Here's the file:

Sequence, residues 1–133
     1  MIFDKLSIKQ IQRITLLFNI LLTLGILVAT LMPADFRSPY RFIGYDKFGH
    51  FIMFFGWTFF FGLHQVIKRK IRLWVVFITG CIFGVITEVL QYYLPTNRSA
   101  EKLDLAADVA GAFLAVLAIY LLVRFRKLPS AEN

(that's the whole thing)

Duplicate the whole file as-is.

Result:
Sequence, residues 1–133
     1  MIFDKLSIKQ IQRITLLFNI LLTLGILVAT LMPADFRSPY RFIGYDKFGH
    51  FIMFFGWTFF FGLHQVIKRK IRLWVVFITG CIFGVITEVL QYYLPTNRSA
   101  EKLDLAADVA GAFLAVLAIY LLVRFRKLPS AEN